Hinman pursues dream of cattle ranching | TheFencePost.com

Hinman pursues dream of cattle ranching

Gayle SmithHinman Cattle Ranching

By the time she was a senior in high school, one Wheatland, Wyo., youth couldn’t imagine a life doing anything other than riding her horse through the pasture checking on her herd of cow/calf pairs.

Kellie Hinman pursued her dream. After graduating from high school, she attended the Nebraska College of Technical Agriculture in Curtis where she took classes in animal science, beef production, carcass evaluation and beef artificial insemination. “I went to college for two years at NCTA and graduated with an associate’s degree in applied sciences, which is mainly livestock management,” Hinman explained.

After college, Hinman started her own cattle business. “I am trying to raise my own show cattle and commercial cattle,” she explained. “I showed cattle pretty much all my life, and I really enjoy it. My dad grew up doing this type of stuff. Showing cattle was a good way to get some money together in a college account. My dad got us started in this, and I just decided to continue with it, so I kept going.”

Hinman said in the two years since she has went out on her own, she has learned a lot. “Cattle take a lot of work and time, especially during calving season,” she explained. “The hardest part of all was waiting for them to make a profit. It takes awhile.”

Hinman is developing a cow herd of Maine and Maine-Angus cows. She said there is a few in her herd with three-way breeding, too. Her cows are artificially inseminated to popular show cattle sires like Sun Seeker, Who Made Who, Dr Who, Dirty Hairy, and Beer For My Horses. “My goal is to raise good quality cattle, and try to raise what people are looking for in show cattle,” she said. “I have selected cows with good bone … and a lot of hair,” she said, laughing. “I also want cows with all-around soundness and a calm disposition. Most of my heifers are pretty good. If you start working with the calves early enough, they usually calm down. Once in a while, though, I will have one that doesn’t.”

Hinman said she also tries to select cattle with good muscling and marbling. “I want to raise cattle that are still useful even if they don’t make show cattle. I think my calves are still above average for market,” she said. Her commercial calves are marketed to a feedlot. “My dad has cattle, too. His cattle are just commercial, but if he has any calves that are of show quality, he lets me trade with him.”

Most of the cows in Hinman’s herd are moderate in frame and average about 1,100 pounds. “I have a few that are bigger than that,” she said. “The calves usually finish out between 1,200 to 1,300 pounds.”

Hinman markets her cattle in a number of ways. “Most of my show cattle are marketed on the Internet,” she said. Hinman has her own website: lazy2klivestock.com. She also sells a few of her prospects through the Sidwell’s Club Calf Sale in Gill, Colo. “I bought some of my cows from them,” she explained, “so, they let me sell some of my prospects there.”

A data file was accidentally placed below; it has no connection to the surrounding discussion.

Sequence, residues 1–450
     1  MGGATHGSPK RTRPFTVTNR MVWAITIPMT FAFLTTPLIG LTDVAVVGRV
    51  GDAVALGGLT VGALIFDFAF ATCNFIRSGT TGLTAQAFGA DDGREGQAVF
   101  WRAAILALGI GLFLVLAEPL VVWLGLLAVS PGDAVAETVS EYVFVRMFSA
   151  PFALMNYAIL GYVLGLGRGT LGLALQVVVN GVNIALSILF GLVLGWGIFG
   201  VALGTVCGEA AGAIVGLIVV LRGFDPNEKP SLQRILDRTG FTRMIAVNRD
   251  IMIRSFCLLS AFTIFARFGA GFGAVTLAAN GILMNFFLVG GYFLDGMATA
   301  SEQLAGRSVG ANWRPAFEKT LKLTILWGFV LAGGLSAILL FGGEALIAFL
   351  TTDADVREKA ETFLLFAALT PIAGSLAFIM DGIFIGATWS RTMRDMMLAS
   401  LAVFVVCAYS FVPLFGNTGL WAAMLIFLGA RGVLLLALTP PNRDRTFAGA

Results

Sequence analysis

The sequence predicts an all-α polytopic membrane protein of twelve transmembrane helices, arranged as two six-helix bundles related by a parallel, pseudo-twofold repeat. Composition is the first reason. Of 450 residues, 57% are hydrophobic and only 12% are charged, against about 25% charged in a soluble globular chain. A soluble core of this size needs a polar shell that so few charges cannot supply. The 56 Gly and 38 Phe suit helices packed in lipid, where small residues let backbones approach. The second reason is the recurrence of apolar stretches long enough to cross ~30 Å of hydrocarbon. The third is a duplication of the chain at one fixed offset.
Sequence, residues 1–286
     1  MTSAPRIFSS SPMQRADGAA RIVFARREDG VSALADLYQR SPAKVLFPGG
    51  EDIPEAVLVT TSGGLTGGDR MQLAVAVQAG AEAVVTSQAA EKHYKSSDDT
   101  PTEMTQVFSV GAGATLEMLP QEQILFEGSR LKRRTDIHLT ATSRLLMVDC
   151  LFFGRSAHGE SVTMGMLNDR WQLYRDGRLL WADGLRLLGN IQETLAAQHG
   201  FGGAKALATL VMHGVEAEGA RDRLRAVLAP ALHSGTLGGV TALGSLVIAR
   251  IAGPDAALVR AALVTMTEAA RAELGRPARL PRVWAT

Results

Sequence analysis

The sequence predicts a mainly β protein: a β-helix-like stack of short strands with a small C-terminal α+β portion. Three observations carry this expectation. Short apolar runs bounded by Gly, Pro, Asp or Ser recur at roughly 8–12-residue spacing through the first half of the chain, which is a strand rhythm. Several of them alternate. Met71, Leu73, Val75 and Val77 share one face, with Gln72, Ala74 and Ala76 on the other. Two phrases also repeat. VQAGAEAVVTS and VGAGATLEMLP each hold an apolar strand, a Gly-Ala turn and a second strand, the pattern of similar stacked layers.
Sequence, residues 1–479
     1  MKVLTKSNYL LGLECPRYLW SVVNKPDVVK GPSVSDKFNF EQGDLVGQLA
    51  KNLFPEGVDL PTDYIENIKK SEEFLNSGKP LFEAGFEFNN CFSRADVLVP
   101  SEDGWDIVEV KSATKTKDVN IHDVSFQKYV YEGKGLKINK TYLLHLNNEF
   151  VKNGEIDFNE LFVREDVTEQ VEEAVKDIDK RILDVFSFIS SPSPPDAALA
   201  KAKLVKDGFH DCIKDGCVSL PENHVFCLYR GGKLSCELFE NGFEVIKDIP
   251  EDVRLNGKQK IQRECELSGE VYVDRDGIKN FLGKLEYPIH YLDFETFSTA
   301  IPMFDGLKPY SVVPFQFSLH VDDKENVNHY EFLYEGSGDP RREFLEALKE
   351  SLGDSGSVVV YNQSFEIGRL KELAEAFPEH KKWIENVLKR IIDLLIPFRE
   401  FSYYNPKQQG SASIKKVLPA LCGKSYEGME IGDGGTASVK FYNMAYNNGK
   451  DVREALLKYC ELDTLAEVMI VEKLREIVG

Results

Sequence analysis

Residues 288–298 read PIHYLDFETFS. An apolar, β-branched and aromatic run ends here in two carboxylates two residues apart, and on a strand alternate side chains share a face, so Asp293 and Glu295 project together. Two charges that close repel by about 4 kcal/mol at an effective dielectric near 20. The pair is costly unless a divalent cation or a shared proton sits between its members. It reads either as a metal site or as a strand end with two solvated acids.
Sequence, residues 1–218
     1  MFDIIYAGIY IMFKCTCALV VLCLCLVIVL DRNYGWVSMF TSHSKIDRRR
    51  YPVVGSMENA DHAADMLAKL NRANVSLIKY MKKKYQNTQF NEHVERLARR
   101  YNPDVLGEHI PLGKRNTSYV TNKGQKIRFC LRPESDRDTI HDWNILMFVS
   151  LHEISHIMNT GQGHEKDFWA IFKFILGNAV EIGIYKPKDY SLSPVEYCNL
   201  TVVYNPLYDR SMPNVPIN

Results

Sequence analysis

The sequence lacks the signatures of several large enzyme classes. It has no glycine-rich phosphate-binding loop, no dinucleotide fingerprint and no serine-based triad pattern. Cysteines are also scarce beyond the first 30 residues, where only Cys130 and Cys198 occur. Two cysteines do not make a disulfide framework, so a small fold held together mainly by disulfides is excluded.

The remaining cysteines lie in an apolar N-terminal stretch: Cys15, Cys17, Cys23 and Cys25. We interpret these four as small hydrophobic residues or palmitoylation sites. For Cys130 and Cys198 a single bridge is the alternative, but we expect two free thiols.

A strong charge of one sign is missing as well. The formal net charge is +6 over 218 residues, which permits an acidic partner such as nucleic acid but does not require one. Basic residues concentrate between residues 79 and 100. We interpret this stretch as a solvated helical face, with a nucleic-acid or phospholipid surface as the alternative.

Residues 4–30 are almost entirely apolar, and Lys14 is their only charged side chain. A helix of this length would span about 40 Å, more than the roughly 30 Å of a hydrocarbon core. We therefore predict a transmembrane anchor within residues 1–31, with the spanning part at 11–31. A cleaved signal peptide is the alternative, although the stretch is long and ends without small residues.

Two years ago, Hinman also started taking a pen of three calves to the National Western Stock Show. “I think it is pretty good advertising,” she said. “Last year, there were a lot more people looking at the cattle. It didn’t seem like there were as many people this year, and prices were down some, but we still did pretty well.”

Hinman said she also hopes to take some calves to the open prospect calf show at the Wyoming State Fair in August. “I am hoping that by competing in this show, more people will see my cattle,” she said.

Hinman encourages young people interested in becoming ranchers to check into the Beginning Farmer and Rancher programs offered by the government. “I would encourage young people to try and buy some land to get started, or if they have a place to run some cattle, obtain a loan to buy some cattle,” she said.

Hinman feels fortunate her parents were there to support her when she decided to ranch. “My dad lets me run my cattle on his place,” she said. “That has been very helpful to me. I have purchased a lot of my own equipment, but there are some things I share with him.”

Hinman’s father, David, also operates a very successful hay operation and Kellie helps with that as needed. “My dad raises a little bit of everything,” she explained. “He has mostly alfalfa, but also a little grass-alfalfa mix. He sells it to dairies, horse owners, and he just started selling some to goat owners.”

Recently, Kellie’s involvement in the family haying operation earned her first-place honors in the alfalfa hay category of the first-ever World Ag Expo Forage Challenge in Tulare, Calif. Thirty-nine producers from seven western states entered the contest. Hinman said she split the $2,000 she received in prize money with her father. “My dad has entered hay contests like this for several years. He has competed in the hay show at the Wyoming State Fair and the Dairy Expo in Madison, Wis. He likes to enter these contests to see how our hay compares to everyone else,” she said.

For more information please contact Hinman at (307) 331-8776.

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